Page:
Super Bowl L: 3 Reasons Green Bay Should Host the 2016 Super Bowl
Vince Lombardi Trophy
NFL fans know the Green Bay Packers won the first two Super Bowls. They know the Super Bowl trophy is named after Green Bay coach Vince Lombardi. They know Lambeau Field is the most iconic football stadium in the NFL. They know Green Bay is called "Title Town."
Is there really any other city in the world that represents the ideals and history of the NFL any better than Green Bay?
Here are three reasons why Green Bay, Wisconsin should host the 50th annual Super Bowl.
Green Bay Is a Real Football City
Matt Ludtke/Getty Images
Why is the biggest football game of the year played in non-existent, at-best mediocre professional football cities? Glendale? Los Angeles? Jacksonville? Yeah, yeah, warm weather, I hear you.
You think football fans won't come out to watch a great game in cold weather? Let's ask Green Bay, Pittsburgh, New England, New York, Buffalo, Chicago, Baltimore, Philadelphia Cleveland, Denver, Cincinnati and Seattle fans.
The majority of NFL fans live in "cold" weather cities, so why is it so unfathomable to play the NFL's most important game in those cities? What’s wrong about having the game in a founding city in a stadium where every seat has been sold out since 1960?
Heck, these fans started one of NFL's top franchises by passing a hat for the meat-packing men who helped proliferate the game.
The Super Bowl has turned into a public relations spectacle with too-large of a percentage of attendees who would never attend a regular season game. Last year, we all had to suffer through a pre-game interview of "House" star Hugh Laurie—a Brit—saying he didn't really pay attention to who was playing. And that guy got a ticket to the game?! Think some die-hard Steelers or Packers fan might've appreciated that more?! I bet they could tell you who was playing in the game.
How about the NFL rewards real fans by letting their city host a Super Bowl?!
The NFL’s Current Super Bowl Host City Criteria Is Chintzy
Jonathan Daniel/Getty Images
The argument against Green Bay hosting the game has two major points of contention according to the arbitrary guidelines put out by the NFL.
1. The average temperature of the host city must be above 50 degrees in early February. (For the sake of their argument, I assume this entails cities with outdoor stadiums as we're in Indianapolis this year and have been in Detroit and Minneapolis for previous Super Bowls).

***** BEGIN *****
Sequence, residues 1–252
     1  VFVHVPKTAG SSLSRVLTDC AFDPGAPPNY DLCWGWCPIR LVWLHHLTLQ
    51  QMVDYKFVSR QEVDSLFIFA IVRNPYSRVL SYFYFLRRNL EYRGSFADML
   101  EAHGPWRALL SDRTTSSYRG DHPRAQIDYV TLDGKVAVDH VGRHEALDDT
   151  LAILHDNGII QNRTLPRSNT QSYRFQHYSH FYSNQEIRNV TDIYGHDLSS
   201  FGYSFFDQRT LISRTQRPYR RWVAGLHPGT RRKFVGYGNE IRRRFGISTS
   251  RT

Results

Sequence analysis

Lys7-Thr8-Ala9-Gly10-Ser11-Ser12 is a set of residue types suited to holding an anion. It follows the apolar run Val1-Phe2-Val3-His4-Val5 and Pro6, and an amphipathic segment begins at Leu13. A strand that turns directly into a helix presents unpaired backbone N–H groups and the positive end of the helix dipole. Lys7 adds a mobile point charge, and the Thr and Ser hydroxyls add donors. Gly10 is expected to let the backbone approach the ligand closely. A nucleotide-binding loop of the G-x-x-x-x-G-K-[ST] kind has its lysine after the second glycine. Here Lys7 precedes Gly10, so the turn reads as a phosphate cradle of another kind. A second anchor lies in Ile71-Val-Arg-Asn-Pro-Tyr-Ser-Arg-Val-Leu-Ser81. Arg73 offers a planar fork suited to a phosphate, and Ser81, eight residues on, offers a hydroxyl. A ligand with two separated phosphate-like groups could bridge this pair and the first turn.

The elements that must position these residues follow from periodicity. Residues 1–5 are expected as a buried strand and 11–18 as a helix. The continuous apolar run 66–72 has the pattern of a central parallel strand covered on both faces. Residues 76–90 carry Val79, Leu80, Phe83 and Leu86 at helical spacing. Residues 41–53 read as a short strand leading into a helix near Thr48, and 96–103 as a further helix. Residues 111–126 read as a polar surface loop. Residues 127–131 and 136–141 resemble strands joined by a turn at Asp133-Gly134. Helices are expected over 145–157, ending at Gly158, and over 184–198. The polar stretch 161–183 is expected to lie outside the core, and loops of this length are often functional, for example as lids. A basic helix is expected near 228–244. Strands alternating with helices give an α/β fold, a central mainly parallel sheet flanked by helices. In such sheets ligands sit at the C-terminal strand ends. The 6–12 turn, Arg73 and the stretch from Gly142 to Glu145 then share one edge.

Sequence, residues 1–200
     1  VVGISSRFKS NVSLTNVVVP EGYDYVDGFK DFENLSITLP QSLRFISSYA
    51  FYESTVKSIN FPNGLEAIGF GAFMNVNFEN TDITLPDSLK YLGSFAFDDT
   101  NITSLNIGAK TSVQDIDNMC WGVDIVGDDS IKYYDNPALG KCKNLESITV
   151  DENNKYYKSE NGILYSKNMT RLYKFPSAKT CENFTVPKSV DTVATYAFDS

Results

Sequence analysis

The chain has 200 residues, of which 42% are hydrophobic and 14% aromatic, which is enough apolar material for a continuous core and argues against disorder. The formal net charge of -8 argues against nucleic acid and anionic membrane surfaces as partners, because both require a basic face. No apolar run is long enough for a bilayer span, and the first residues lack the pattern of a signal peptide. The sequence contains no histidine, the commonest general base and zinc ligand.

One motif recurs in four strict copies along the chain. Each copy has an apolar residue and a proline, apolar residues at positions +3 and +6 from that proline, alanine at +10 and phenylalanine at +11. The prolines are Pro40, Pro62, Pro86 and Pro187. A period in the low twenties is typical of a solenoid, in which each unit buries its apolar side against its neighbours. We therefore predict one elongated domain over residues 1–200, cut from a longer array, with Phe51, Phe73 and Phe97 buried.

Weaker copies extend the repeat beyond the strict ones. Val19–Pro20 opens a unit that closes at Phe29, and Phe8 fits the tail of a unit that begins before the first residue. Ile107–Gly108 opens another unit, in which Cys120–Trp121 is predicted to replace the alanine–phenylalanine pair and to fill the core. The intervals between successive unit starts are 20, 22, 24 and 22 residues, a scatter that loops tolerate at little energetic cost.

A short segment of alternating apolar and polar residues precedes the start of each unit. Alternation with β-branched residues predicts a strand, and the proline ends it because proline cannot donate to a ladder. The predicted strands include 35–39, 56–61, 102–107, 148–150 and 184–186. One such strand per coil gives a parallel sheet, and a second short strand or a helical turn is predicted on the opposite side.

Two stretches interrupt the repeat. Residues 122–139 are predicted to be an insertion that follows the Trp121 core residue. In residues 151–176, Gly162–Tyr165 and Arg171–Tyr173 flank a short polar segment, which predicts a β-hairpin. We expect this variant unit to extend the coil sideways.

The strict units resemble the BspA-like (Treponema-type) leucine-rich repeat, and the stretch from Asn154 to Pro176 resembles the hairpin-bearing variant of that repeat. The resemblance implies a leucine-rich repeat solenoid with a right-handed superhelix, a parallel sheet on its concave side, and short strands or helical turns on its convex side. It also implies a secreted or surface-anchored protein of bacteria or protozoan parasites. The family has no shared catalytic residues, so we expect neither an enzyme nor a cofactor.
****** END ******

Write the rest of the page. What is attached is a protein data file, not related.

The NFL’s "one-time" temperature rule exception of the 2014 Super Bowl in New York/East Rutherford, New Jersey is a step in the right direction.
2. There must be 27,000 quality hotel rooms.
1. Are we playing golf or football? Football’s beauty is that it is played in any weather, sun, rain, sleet, and snow. Would Bart Starr’s plunge for a last gasp touchdown in Lambeau Field’s Ice Bowl be as iconic if it were 75 degrees? The “Partly Sunny” Bowl?!
By the way, it snowed in Dallas last year a day before the Super Bowl, so this temperature requirement puffs out like...a lot of hot air.
2. The city of Jacksonville brought in cruise ships to supplement their hotel shortage for the 2005 Super Bowl. Green Bay, which has 7,000 hotel rooms, could certainly do the same. I don’t know what “quality” is defined by, but I gather a football fan wouldn’t require much more than a roof, a bed and a TV. You want to enjoy a spa, go to Monte Carlo. You want to enjoy a football game, go to Green Bay.
As an original alternative, why not crash in the spare rooms of local residents/NFL owners? You’ll never get a better pre-game bratwurst or be part of a more spirited tailgate!
Now, let’s strap on the snow shoes and march it to Northeast Wisconsin for some authentic pigskin action!
Corporate Culture Clutter
I hear all the complaints about corporations and sponsors being turned off by the weather, concerned their diamond-studded tushies might get cold while watching the game. But those types watch from heated luxury boxes anyway. Real fans don’t give a frozen rat’s ass what the temperatures are.
If the clueless celebrities and casual fans are weeded out by a game north of the Mason-Dixon line, I say hurrah! And if the Super Bowl parties have to be held in taverns and bowling alleys and Elks Lodges instead of fancy ballrooms and velvet rope clubs, I say, double-hurrah!
Super Bowl Week should be about football and its real fans, and for my NFL owner money, nothing says football more than Green Bay.
No place deserves the Super Bowl more than Green Bay. Let's start by turning up the heat on the NFL's grill to bring the title game back to Titletown!
Super Bowl L for Lambeau, Lombardi, and Long-time comin'!